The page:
The Award of Merit in Conservation – Engineering was given to Dr. Thomas Morrison, Heritage Standing Inc., for the Old Penniac Baptist Church for demonstrating humble and creative engineering, guided in a minimal intervention approach by the Standards and Guidelines, in order to successfully maintain the integrity of the character defining elements of the historic church.
The judges were impressed by the project’s recognition of settler history in the area; inspired by the commendable grassroots and civic movement organized to save the church from demolition; and noted that the project overcame preconceived assumptions that appropriate maintenance of historic structures is impossible when working with strict budget-constraints.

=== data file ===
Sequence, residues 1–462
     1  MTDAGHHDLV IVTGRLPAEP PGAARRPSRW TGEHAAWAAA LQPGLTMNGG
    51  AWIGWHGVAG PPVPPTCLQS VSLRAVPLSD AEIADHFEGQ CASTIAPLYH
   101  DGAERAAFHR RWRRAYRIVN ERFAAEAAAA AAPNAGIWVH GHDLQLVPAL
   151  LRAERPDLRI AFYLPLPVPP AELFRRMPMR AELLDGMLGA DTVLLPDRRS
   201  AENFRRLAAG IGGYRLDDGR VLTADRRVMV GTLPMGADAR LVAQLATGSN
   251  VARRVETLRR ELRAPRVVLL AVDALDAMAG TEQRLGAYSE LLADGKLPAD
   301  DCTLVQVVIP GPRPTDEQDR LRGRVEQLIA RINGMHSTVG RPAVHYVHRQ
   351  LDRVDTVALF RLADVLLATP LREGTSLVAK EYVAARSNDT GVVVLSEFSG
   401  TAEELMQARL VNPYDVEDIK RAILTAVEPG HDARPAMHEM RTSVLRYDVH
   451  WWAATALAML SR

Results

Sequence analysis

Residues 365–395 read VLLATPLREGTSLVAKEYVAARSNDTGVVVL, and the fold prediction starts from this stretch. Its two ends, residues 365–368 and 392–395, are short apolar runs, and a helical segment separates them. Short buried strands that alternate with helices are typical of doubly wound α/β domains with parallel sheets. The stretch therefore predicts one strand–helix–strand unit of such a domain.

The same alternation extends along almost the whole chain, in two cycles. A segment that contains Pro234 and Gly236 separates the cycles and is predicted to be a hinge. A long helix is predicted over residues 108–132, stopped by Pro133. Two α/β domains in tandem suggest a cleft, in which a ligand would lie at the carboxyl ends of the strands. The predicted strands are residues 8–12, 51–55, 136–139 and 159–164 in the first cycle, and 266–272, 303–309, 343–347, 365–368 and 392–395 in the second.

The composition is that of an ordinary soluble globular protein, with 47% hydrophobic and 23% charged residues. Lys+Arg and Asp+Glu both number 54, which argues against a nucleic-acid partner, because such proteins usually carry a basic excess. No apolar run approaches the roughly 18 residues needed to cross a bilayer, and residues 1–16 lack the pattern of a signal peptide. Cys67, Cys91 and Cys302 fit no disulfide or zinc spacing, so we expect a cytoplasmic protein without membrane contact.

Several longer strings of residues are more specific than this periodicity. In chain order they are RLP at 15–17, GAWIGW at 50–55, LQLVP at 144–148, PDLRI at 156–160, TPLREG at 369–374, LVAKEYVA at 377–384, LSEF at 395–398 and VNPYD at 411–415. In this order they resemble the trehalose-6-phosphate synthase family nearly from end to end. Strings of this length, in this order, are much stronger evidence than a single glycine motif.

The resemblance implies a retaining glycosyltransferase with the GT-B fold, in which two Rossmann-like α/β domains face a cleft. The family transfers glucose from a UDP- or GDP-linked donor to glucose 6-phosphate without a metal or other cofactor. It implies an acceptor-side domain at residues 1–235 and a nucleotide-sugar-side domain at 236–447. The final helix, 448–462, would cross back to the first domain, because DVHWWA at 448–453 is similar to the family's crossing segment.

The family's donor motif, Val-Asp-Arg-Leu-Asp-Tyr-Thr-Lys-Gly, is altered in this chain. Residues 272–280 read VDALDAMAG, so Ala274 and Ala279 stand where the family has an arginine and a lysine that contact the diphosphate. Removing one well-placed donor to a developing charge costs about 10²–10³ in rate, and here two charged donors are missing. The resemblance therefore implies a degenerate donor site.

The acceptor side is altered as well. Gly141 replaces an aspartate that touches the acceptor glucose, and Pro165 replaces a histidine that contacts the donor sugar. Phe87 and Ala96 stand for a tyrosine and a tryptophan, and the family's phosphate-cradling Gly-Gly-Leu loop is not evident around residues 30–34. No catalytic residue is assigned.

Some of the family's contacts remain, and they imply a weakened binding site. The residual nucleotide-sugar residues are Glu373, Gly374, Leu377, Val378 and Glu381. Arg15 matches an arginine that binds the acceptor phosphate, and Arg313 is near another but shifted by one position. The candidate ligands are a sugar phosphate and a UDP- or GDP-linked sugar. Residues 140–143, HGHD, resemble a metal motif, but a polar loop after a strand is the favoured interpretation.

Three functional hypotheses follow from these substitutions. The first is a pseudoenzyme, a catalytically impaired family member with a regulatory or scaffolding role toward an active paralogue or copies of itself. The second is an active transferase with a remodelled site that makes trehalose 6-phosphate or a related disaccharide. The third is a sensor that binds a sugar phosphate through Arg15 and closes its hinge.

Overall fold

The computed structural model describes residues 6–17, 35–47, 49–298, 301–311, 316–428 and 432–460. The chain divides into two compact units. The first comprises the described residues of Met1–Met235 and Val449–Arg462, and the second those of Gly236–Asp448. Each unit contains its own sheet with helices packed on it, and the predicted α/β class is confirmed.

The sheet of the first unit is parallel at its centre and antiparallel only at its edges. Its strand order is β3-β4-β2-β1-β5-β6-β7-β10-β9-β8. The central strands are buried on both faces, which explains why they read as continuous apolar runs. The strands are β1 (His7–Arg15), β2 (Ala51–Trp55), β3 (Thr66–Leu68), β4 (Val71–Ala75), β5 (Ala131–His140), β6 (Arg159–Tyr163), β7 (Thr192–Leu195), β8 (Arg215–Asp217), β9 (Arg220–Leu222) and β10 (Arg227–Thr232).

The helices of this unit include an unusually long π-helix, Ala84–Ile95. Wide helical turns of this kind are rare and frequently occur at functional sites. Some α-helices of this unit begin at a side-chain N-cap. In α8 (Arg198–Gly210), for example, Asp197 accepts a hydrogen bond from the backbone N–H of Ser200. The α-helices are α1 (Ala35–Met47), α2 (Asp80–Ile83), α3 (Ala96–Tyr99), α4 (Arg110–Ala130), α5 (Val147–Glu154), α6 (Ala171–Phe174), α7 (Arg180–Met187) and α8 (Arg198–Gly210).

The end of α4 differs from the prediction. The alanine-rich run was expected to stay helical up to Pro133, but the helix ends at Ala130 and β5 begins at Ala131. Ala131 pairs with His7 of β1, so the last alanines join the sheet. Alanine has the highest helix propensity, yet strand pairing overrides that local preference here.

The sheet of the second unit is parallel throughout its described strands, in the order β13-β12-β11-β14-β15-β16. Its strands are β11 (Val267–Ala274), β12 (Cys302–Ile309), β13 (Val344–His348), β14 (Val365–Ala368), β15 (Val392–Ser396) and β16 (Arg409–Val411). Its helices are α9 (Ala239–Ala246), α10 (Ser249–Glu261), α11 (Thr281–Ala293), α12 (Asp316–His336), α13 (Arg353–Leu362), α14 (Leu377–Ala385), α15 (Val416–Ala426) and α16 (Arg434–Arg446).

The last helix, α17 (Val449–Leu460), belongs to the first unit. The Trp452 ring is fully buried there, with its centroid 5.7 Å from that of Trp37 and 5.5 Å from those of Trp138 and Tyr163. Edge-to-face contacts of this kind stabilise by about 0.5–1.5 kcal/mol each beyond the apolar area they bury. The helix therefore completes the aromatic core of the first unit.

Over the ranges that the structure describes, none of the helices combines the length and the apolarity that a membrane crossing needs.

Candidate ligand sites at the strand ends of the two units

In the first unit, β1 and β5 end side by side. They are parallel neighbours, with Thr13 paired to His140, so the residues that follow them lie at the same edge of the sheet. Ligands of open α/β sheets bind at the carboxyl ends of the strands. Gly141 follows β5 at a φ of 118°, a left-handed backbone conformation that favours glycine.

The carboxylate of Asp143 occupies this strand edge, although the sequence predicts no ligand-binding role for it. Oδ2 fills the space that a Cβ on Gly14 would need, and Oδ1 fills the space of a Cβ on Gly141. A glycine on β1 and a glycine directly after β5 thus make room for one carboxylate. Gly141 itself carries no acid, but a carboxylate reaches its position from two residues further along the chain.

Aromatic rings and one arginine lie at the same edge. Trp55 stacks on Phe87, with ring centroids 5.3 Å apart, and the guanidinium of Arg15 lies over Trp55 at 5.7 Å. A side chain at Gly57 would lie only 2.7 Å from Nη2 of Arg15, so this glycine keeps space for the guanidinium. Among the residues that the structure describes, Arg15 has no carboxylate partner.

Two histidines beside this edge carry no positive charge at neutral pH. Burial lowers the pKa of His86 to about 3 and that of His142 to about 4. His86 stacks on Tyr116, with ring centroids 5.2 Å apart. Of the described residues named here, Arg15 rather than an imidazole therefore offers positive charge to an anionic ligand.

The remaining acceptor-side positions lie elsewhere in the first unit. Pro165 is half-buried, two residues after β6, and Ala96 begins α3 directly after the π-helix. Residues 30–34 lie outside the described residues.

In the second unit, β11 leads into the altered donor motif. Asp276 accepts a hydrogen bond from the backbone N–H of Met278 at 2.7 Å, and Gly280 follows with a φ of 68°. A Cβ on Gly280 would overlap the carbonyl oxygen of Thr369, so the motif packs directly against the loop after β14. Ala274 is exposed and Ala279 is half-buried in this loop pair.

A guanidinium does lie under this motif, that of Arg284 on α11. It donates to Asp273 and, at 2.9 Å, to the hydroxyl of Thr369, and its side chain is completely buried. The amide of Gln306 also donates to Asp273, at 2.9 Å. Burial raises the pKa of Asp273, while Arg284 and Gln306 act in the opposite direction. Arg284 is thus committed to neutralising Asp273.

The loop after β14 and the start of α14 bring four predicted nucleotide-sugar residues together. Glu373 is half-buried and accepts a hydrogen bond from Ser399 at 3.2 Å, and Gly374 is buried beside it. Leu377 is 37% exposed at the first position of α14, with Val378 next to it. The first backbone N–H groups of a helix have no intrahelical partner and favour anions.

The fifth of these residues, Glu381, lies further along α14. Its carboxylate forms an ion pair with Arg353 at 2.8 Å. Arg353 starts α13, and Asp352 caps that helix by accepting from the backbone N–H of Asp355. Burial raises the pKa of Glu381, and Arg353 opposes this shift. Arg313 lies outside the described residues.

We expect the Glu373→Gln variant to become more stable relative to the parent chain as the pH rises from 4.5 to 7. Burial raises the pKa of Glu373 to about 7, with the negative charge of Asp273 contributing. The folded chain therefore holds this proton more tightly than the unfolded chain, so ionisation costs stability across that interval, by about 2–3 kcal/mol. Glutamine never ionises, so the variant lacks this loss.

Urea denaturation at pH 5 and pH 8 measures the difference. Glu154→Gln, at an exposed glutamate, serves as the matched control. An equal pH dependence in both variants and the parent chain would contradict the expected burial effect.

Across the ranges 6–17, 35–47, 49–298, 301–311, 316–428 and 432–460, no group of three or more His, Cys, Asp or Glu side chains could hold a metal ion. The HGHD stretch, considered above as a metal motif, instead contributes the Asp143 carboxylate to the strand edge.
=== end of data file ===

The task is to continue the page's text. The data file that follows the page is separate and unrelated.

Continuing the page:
The 150 year old wood frame Old Penniac Baptist Church was fated for demolition; there was no active congregation and the interior was damaged by salvage hunters. The dry-laid stone foundation, with no mortar or frost wall, caused concern for contractors. Concerned community members understood the heritage value of the building and formed the non-profit group Friends of the Penniac Church and Cemetery Inc. to take ownership of the property. They hoped to conserve the building for future use. Structural and safety concerns were unknown but assumed to be significant and perhaps too costly to address. They reached out to Dr. Tom Morrison to undertake an inspection and provide a report of prioritized work using a conservation approach. Evaluation found the building was in good structural health with few structural repairs required and some deferred maintenance to be addressed. The Friends of the Penniac Church and Cemetery Inc. were able to move forward with their plans for continued use of the building as a centre for community activities and celebrations. Demolition was avoided, minimal intervention was required and character defining elements were left intact. The first site visit took place on Nov. 22, 2017. The engineering project was completed in January 2018 while construction was completed in August 2018. A financially prudent conservation-based assessment and evaluation was all that was needed to save a significant historic community building.